I posted a question some time ago but didn’t hear back from you so here goes. I am a 33 year old female with hair loss for the past year and 7 months. Started to notice the loss after going off the birth control pills. I went to see a hair loss expert at Duke University who said it was TE. Still hasn’t stopped thinning. I am back on the pill and spironlactone. I also have Hashitmoto’s disease. No family history of female hair loss although my dad has lost his hair. My testosterone levels recently came back at 86 which my doctor thinks is high and probably due to some PCOS. I have several questions. First, could the spiro be making my hair loss worse? What can be done to combat the high testosterone levels? I have a diffuse loss but also hair loss at the sides of my forehead (what I consider the temples) and my hair line has receded (which is what bothers me the most). Thanks for any insight.
The cause of your hair loss seem multifactorial. Birth control pills has been linked to hair loss even if you have stopped taking it. In other words, stopping or starting birth control pills may have ‘triggered’ your hair loss process. Hashimoto’s Thyroiditis is also a reason why you may have hair loss, because of its autoimmune process (your body may be attacking your hair). Polycystic Ovary Syndrome (PCOS) may also be related to hair loss by the virtue of hormone imbalances that this disease produces. Spironolactone, which is a common blood pressure lowering drug, can also be the cause of your hair loss as much as a help for it (now that sounds crazy, but it does say much about its value). Some doctors believe that Spironolactones may also grow hair, because spironolactone works by inhibiting a hormone called aldosterone, which is similar to testosterone (note: this is a very simplistic way of putting it). To my knowledge, there is no reliable scientific evidence of using spironolactone to grow hair. Most importantly spironolactone is not approved by the FDA to treat hair loss. Finally, your high testosterone levels should be addressed by your primary care doctor or a specialist who knows your complete medical history. PCOS can cause virulizing traits, and with high testosterone, that will just accelerate these traits. You may have already guessed, but spironolactone is commonly used to treat PCOS to decrease the androgenic hormone (testosterone) levels.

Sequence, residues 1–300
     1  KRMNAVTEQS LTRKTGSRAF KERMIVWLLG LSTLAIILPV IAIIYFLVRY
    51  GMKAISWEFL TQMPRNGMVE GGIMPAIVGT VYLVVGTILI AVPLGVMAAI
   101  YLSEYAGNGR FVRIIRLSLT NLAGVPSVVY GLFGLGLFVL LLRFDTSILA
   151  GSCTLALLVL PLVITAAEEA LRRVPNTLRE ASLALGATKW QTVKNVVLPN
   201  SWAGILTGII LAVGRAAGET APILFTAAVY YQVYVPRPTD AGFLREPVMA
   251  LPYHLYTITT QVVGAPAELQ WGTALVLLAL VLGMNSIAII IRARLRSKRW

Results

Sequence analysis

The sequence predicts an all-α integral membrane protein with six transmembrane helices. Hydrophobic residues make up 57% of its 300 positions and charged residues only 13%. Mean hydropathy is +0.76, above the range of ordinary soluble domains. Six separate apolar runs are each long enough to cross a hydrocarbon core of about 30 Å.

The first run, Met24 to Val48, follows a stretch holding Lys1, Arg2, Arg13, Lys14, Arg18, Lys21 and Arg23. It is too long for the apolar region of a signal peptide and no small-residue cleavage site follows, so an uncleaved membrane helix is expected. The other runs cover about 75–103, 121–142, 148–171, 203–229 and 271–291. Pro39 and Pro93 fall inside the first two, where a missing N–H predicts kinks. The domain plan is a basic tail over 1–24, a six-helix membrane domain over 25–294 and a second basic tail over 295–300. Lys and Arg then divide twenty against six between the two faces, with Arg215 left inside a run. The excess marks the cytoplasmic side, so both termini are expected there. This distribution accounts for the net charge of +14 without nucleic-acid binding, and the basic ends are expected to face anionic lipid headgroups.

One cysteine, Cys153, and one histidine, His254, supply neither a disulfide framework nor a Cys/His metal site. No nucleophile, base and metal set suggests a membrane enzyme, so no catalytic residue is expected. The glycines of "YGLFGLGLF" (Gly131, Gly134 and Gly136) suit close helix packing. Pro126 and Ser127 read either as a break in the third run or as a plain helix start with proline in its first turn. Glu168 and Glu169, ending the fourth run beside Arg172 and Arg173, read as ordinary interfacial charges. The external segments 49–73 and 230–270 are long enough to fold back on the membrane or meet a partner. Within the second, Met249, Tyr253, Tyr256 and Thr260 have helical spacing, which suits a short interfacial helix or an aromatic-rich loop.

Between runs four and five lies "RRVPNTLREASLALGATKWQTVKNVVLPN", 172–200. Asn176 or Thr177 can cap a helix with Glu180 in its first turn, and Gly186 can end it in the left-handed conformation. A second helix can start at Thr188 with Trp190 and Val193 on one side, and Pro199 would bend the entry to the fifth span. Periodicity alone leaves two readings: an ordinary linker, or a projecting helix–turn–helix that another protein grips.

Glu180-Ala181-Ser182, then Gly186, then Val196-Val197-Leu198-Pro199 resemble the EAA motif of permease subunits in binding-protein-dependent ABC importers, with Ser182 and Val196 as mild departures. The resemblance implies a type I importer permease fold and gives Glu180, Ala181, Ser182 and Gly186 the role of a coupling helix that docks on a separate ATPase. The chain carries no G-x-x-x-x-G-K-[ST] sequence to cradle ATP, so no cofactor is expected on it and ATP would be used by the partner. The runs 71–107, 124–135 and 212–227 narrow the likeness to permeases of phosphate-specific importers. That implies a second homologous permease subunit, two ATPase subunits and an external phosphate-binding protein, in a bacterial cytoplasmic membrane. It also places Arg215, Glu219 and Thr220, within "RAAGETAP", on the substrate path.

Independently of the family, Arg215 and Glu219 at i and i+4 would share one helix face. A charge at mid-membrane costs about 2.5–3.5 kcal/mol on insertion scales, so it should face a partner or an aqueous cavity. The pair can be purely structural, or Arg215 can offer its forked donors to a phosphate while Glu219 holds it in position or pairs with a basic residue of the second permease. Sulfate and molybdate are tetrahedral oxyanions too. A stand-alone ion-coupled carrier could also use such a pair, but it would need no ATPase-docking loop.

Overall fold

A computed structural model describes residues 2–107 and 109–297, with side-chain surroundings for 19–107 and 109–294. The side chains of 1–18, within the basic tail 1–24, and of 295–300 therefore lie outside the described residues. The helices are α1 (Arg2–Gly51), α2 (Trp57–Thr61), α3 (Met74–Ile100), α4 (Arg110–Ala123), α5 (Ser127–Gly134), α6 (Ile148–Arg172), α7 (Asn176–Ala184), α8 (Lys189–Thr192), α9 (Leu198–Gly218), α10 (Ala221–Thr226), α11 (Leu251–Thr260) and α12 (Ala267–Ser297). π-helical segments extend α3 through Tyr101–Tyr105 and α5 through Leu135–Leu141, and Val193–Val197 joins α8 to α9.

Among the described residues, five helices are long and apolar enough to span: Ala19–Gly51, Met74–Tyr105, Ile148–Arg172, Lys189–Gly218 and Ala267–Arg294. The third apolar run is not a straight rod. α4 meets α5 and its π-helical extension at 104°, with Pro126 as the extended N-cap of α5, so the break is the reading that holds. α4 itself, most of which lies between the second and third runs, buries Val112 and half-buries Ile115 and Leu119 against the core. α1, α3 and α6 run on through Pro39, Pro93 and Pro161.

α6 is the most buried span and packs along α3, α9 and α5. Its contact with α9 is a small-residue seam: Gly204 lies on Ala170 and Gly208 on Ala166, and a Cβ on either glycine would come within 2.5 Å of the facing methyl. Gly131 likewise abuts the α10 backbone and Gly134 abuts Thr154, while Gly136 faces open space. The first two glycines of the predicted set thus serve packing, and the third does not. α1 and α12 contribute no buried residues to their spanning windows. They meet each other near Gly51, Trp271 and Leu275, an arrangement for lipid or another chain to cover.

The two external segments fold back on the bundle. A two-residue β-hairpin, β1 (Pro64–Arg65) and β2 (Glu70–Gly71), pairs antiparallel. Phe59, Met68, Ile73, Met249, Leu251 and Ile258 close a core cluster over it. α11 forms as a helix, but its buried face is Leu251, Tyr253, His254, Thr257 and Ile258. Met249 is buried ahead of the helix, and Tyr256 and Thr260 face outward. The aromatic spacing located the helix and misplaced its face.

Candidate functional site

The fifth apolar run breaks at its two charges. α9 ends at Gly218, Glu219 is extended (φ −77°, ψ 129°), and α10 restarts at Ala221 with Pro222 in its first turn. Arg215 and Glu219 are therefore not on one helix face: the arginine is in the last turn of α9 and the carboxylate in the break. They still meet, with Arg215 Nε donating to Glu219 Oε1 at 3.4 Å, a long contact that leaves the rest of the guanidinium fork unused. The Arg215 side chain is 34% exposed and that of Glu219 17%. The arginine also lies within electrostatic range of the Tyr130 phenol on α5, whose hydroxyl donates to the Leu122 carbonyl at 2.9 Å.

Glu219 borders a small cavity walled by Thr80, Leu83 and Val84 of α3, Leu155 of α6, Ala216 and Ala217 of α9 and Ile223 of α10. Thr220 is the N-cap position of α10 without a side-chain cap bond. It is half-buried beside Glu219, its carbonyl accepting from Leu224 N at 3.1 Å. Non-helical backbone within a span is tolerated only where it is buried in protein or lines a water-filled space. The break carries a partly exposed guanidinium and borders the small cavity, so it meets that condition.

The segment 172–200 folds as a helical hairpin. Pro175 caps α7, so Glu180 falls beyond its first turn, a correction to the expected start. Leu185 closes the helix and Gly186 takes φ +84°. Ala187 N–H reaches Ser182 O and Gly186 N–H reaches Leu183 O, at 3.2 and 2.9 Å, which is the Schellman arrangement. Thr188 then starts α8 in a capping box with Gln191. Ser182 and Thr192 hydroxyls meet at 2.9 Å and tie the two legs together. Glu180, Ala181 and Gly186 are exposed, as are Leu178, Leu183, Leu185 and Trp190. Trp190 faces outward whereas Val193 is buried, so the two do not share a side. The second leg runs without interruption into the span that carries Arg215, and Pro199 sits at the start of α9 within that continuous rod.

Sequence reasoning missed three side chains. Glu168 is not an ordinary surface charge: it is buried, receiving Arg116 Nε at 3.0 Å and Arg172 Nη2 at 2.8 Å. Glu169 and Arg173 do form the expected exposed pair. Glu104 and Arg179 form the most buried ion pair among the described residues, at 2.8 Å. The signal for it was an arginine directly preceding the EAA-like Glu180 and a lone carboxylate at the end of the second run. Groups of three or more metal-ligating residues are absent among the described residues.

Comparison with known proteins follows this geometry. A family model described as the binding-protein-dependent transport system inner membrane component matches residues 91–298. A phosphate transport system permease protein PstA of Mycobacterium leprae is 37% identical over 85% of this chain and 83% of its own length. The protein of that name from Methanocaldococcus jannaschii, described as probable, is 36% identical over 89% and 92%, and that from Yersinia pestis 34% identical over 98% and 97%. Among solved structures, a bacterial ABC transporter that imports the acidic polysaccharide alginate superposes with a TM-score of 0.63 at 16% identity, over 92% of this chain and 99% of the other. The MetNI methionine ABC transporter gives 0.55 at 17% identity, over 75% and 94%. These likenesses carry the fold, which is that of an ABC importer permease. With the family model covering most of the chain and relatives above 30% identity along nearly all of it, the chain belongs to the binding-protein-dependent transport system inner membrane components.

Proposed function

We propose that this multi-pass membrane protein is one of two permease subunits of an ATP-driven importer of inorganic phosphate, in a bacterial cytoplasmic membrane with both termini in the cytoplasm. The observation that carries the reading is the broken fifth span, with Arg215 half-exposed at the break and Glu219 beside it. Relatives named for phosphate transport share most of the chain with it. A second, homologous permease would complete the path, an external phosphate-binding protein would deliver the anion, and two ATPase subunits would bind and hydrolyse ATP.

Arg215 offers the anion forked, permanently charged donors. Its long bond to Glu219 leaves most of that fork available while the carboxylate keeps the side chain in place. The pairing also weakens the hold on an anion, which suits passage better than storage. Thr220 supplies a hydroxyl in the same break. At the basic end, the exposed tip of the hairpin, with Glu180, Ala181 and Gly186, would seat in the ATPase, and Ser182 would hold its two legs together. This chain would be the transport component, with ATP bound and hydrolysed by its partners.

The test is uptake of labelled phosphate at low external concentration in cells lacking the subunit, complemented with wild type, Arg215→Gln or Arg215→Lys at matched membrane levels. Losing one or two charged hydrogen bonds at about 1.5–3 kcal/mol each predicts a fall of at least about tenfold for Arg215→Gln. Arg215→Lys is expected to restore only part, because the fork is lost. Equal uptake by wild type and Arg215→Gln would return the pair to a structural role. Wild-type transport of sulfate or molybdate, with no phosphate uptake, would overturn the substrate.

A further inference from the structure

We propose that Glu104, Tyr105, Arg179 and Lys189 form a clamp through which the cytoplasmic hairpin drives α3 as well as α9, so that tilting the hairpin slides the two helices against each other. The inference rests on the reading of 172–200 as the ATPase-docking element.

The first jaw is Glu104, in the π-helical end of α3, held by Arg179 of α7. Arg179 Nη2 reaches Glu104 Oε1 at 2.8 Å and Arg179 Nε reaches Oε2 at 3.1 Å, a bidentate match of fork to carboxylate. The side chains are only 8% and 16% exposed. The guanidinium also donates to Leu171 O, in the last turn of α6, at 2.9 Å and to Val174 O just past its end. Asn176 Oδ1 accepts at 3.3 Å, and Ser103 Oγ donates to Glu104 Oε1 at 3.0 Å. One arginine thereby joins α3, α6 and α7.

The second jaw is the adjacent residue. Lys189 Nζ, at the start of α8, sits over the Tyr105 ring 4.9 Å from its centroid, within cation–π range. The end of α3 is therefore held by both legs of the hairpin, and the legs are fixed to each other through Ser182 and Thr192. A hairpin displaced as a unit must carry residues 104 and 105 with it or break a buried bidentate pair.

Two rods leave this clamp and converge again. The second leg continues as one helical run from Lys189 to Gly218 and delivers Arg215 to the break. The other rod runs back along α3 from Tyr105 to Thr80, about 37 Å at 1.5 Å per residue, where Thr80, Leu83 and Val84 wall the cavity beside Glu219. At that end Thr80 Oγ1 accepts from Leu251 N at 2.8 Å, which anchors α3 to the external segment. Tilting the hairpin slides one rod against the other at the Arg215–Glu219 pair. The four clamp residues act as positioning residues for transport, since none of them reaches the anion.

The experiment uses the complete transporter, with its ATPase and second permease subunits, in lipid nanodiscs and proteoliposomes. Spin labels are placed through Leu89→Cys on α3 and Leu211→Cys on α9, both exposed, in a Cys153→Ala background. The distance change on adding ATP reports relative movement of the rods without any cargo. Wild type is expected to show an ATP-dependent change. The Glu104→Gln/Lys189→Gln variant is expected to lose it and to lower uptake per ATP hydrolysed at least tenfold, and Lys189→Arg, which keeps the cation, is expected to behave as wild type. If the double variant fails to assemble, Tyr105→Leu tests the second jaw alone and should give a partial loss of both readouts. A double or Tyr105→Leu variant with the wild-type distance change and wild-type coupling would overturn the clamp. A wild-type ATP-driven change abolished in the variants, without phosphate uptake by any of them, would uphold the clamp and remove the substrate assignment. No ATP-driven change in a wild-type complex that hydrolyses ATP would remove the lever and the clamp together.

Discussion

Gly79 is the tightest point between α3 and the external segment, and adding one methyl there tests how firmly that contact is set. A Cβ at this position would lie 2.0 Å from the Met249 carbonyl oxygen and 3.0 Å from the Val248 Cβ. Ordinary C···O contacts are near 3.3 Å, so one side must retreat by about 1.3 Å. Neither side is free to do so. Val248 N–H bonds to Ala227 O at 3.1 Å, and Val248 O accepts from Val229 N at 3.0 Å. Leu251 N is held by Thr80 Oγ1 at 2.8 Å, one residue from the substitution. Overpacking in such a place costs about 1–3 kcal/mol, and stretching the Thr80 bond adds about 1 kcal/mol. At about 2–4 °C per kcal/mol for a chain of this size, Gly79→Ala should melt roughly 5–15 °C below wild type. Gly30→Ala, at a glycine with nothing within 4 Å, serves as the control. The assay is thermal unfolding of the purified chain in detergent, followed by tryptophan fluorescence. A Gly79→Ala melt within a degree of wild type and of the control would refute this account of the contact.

You seem to be doing the right thing by seeing the appropriate doctors. Unfortunately, sometimes there are no solutions.